Use the following code:

// Define the GET endpoint for getting the statement
let get_statement = warp::get()
    .and(warp::path!("api" / "statement")) // Define the route for the endpoint
    .map(move || warp::reply::json(&app.statement)); // Return the statement as JSON

The code does the following:

  • The warp::get() function is used to define a GET endpoint.

  • .and(warp::path!("api" / "statement")) specifies the route for the endpoint, which is /api/statement.

  • .map(move || warp::reply::json(&app.statement)) maps the endpoint to a closure that returns a JSON response containing the statement retrieved from the app configuration.

Step 11: Prove

Add a "Prove" functionality to enable your dApp handle POST to the /api/prove endpoint by verifying the provided proof and responding with a signature if verification is successful.

To implement the "Prove" functionality, you'll need to follow these steps:

  1. Implement the POST Endpoint:

    • Create an endpoint accessible at localhost:8000/api/prove.

    • This endpoint will handle POST requests containing the challenge and the proof.

  2. Handle the Proof:

    • When a POST request is made to this endpoint, extract the challenge and proof from the request body.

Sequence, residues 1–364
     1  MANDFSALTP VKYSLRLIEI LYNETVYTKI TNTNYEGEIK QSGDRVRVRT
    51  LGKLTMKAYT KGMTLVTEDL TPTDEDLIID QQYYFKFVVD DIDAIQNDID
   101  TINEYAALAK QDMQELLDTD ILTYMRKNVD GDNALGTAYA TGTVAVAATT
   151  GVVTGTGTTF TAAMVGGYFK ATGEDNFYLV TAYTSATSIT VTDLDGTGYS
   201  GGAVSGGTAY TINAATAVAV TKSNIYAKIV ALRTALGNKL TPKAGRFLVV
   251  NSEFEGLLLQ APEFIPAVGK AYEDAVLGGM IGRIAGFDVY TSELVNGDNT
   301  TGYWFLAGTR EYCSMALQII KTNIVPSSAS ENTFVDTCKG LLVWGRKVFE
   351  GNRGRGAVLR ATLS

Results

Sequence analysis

• Re-create the key pair using the verify_key and sign_key provided in the input variables.

    • Pass the extracted challenge, proof, and key pair to the handle_provide_proof helper function for verification and signing.

  3. Response:

    • If the proof is successfully verified, the endpoint should respond with a signature, which is the user's public key signed by the backend’s private key.

    • The user can use this signature to mint the token, as it will be verifiable by the smart contract using the public key of the backend address.

  4. Main Function:

    • Initialize the application configuration using IdVerifierConfig::parse().

    • Set up logging based on the provided log level.

    • Deserialize the statement from the input variable.

    • Initialize the Concordium SDK client and retrieve the global cryptographic parameters.

    • Initialize the server state.

    • Define CORS settings for the server.

    • Define the endpoints for getting the challenge, getting the statement, and providing proof.

    • Start the HTTP server to listen for incoming requests on the specified port.

    • Additionally, spawn a task to handle cleaning up the server state periodically.

// 2. Provide proof
let provide_proof = warp::post()
    .and(warp::filters::body::content_length_limit(50 * 1024))
    .and(warp::path!("api" / "prove"))
    .and_then(move |request: ChallengedProof| {
        let kp = KeyPair::from(ed25519_dalek::Keypair {
            public: ed25519_dalek::PublicKey::from_bytes(
            secret: ed25519_dalek::SecretKey::from_bytes(

This code does the following:

  • This code block defines a POST endpoint accessible at /api/prove.

  • It expects a JSON body containing the challenge and proof (ChallengedProof).

  • The endpoint invokes the handle_provide_proof function to verify the proof and sign it.

  • It recreates the key pair using the provided verify_key and sign_key.

  • If the proof is successfully verified, it responds with a signature.